The Gilder Lehrman Center for the Study of Slavery, Resistance, and Abolition is pleased to present “Slavery and Its Legacies,” a podcast series featuring visiting scholars, activists and others about their contributions to the understanding of slavery past and present and its ongoing role in the development of the modern world.
Slavery and Its Legacies - Mathias Rodorff
In this episode Thomas Thurston spoke with Mathias Rodorff, a PhD candidate at the University of Munich and a visiting fellow at the Gilder Lehrman Center, about his current work, which investigates why Nova Scotian newspapers paid such close attention to the contest in the United States over issues of slavery, emancipation, and equality while never considering how these issues might have played out in their province.
Slavery and Its Legacies - Bryan Stevenson
In this episode David Blight speaks with Bryan Stevenson, the founding director of the Equal Justice Initiative and the author of Just Mercy: A Story of Justice and Redemption. Mr. Stevenson was here at Yale University to give the annual Parks-King Lecture at the Yale Divinity School.
Slavery and Its Legacies - Elena Shih
In this episode Thomas Thurston speaks with Elena Shih, an Assistant Professor of American Studies and Ethnic Studies at Brown University and a visiting fellow at the Gilder Lehrman Center, about her work on human trafficking rescue efforts and the politics of labor, gender, and sexuality.
Slavery and Its Legacies - Isela Gutierrez
In this episode Thomas Thurston spoke with Isela Gutierrez, the Associate Research Director for Democracy North Carolina and a speaker on the Gilder Lehrman Center's "Right to Vote" panel discussion, about her organization's work to protect the citizens of North Carolina against legislative actions and court decisions designed to abridge the right to vote, and what those struggles portend regarding the struggle to protect voting rights nationally.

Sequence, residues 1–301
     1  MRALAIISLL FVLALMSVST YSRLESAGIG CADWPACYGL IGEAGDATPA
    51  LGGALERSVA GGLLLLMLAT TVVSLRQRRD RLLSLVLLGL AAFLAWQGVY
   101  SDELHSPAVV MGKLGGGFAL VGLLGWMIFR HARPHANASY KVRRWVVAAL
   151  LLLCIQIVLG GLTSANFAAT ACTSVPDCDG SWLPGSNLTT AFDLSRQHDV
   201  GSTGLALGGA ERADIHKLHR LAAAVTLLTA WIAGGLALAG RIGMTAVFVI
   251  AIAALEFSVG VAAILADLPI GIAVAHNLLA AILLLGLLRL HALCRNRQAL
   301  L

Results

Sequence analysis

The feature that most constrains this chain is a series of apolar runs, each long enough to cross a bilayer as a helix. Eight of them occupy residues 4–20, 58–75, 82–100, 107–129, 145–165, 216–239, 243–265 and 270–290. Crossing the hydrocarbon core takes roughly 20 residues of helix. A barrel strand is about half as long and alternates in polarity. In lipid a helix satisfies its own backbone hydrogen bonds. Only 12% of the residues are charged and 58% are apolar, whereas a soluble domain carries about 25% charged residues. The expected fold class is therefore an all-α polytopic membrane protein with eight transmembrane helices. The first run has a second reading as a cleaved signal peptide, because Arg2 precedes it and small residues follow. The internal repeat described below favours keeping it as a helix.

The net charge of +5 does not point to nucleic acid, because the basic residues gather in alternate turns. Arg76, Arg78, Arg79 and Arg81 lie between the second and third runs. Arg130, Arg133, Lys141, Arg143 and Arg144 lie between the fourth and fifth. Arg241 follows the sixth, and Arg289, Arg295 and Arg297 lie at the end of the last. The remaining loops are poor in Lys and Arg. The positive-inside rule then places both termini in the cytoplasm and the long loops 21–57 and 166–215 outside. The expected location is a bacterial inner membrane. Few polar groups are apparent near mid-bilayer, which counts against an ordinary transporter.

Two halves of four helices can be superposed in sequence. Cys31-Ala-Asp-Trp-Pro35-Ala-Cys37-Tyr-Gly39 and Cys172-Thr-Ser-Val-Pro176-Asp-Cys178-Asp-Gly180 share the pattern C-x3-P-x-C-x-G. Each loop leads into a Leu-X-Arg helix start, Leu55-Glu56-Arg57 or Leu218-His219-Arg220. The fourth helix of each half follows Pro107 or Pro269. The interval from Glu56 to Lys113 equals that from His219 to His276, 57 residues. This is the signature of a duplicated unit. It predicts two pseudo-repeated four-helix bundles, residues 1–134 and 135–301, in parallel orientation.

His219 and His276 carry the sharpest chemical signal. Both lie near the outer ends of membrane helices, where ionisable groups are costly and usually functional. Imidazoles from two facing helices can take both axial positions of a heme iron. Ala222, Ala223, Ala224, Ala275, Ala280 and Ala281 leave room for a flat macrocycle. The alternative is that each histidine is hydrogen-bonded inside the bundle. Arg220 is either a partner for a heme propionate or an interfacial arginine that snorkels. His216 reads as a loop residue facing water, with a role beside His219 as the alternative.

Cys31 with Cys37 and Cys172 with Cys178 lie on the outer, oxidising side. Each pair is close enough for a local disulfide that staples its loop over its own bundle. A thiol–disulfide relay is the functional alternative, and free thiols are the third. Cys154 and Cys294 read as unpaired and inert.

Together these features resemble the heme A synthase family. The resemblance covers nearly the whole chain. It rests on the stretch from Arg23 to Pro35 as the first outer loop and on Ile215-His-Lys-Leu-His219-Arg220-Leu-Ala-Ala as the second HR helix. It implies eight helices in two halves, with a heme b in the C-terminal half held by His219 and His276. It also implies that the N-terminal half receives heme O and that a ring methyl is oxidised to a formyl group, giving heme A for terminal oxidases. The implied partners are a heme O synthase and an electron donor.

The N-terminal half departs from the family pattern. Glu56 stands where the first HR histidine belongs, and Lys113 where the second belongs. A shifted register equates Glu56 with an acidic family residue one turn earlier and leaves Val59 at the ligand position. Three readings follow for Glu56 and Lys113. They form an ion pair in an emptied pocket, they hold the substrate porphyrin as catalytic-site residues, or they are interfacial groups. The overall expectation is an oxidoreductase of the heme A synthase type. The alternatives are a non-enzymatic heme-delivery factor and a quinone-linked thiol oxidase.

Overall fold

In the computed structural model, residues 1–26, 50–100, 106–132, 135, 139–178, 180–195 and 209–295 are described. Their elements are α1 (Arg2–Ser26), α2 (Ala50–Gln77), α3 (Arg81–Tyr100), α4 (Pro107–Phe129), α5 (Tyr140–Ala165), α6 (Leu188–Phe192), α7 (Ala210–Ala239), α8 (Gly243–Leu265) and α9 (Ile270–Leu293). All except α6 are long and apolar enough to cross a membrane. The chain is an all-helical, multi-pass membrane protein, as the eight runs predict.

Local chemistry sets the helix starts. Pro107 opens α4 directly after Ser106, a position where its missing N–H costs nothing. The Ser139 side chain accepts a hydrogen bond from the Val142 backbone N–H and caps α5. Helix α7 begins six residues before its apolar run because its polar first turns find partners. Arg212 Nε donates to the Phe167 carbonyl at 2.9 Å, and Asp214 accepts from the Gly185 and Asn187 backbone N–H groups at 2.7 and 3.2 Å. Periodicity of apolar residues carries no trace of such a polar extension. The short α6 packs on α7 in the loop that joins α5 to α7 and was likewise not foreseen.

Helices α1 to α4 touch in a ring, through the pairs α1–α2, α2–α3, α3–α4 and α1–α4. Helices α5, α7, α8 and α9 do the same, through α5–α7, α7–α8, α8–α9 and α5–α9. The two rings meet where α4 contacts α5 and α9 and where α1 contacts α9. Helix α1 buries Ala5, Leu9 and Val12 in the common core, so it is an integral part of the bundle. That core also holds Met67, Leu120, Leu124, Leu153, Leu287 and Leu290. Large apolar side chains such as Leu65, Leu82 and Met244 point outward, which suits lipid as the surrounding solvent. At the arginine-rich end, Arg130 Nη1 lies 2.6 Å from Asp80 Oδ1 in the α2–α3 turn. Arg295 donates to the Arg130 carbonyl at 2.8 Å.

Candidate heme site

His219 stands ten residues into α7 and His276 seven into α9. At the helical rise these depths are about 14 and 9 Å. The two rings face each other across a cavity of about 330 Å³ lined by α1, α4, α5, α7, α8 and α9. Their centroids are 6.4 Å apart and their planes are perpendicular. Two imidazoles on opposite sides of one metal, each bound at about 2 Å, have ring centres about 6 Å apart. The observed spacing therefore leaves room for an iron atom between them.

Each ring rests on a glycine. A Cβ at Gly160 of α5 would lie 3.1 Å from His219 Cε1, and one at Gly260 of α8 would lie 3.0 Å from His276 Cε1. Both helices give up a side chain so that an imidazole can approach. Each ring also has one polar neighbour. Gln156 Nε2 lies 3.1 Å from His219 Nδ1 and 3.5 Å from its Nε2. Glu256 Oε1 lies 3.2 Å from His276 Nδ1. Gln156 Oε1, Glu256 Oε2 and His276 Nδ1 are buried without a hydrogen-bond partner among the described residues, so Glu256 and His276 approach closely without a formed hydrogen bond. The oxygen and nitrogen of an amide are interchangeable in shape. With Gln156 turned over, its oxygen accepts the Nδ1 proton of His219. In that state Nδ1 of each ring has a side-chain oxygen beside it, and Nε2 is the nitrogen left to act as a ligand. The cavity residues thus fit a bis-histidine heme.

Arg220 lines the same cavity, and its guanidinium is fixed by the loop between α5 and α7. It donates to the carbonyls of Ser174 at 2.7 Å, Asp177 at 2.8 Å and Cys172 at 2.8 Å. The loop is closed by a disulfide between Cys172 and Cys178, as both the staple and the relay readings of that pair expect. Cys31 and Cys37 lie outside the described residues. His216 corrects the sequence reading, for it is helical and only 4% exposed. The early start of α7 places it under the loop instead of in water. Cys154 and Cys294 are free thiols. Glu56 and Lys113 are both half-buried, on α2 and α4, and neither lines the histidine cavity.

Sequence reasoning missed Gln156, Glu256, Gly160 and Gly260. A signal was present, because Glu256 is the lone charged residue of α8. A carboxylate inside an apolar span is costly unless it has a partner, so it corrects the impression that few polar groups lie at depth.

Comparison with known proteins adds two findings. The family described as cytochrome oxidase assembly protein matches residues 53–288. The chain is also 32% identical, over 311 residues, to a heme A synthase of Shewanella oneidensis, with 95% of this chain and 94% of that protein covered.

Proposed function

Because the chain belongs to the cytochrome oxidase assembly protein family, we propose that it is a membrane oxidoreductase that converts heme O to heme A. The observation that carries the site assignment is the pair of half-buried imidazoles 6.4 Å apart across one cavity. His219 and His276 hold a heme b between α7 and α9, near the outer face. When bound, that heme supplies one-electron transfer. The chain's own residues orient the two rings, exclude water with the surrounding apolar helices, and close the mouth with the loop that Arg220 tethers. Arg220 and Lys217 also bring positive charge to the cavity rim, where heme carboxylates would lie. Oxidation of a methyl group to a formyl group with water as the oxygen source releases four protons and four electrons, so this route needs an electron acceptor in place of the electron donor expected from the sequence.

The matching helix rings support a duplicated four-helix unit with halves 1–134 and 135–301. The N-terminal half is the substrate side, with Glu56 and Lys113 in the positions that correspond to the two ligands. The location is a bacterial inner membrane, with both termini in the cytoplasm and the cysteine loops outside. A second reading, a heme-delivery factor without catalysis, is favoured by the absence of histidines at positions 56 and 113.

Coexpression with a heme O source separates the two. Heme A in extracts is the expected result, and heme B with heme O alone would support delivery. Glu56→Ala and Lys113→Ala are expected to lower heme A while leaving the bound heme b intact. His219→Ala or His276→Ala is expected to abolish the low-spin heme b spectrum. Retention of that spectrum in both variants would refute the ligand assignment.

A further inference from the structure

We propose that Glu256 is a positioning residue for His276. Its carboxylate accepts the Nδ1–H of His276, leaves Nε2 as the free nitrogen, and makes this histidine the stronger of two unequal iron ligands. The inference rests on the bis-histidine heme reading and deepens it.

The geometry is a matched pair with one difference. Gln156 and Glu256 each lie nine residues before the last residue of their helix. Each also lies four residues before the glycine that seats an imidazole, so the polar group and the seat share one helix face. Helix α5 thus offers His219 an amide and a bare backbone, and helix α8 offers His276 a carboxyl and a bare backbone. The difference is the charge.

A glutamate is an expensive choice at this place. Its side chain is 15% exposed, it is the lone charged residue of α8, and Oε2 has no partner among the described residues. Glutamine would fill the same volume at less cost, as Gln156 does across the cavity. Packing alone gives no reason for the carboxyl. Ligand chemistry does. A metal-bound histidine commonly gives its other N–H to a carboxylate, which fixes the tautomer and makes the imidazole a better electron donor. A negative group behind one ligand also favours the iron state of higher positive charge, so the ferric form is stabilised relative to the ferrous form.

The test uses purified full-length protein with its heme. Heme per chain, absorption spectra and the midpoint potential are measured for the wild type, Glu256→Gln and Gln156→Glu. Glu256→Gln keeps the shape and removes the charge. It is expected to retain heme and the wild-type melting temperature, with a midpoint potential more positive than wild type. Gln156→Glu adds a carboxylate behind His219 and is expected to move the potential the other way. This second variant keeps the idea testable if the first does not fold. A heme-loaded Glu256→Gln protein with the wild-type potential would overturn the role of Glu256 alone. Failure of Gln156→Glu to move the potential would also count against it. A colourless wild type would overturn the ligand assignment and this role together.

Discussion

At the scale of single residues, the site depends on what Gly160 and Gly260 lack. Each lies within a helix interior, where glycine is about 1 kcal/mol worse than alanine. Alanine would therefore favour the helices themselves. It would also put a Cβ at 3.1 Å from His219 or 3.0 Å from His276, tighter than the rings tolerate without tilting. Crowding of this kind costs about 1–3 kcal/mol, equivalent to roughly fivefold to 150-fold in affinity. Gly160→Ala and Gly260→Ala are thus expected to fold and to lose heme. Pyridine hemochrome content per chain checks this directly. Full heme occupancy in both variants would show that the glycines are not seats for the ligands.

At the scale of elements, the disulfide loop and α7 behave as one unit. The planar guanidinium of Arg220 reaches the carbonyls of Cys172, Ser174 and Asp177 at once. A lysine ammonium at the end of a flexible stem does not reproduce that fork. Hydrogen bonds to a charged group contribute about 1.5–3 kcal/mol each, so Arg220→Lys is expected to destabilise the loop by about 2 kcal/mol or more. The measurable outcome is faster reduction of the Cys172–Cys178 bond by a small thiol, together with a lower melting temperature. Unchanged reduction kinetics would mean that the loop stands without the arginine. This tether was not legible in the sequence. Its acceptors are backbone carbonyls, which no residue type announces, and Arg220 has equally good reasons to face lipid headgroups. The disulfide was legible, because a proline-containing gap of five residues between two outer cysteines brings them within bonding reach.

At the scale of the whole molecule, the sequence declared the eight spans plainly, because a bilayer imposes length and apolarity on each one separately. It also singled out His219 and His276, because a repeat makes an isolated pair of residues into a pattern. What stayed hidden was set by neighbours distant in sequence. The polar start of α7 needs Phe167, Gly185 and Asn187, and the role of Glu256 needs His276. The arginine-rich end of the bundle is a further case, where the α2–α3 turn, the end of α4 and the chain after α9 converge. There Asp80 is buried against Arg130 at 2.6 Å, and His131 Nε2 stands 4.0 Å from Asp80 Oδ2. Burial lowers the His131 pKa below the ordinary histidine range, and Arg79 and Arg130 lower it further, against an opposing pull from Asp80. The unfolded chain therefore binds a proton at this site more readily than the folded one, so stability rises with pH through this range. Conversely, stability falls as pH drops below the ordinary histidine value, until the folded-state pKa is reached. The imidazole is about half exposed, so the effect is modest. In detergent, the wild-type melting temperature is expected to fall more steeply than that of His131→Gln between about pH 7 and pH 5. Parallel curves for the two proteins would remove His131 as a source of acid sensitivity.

Slavery and Its Legacies - Christienna Fryar
In this episode Thomas Thurston spoke with Christienna Fryar, an Assistant Professor of History at SUNY Buffalo State and a visiting fellow at the Gilder Lehrman Center, on post-emancipation Jamaica, an era that scholars of British imperial history have defined as the three decades between full freedom in the 1830s and the Morant Bay Rebellion in 1865. Professor Fryer uses a series of particular disasters on the island to examine the British colonial administrationâ€™s response to key moments in the history of post-emancipation Jamaica.
Slavery and Its Legacies - Jim Walvin
In this episode James Walvin, Professor of History Emeritus at the University of York, discusses how traces of slavery are often overlooked in the material culture we value, from porcelain sugar bowls to mahogany tables.
The subjects are fascinating and the guests are great but I have never heard a host say uuh and um more times in my life. He also pops his mouth open every time he starts to talk and I’m sound sensitive so these two things make this almost unbearable to listen to for me personally.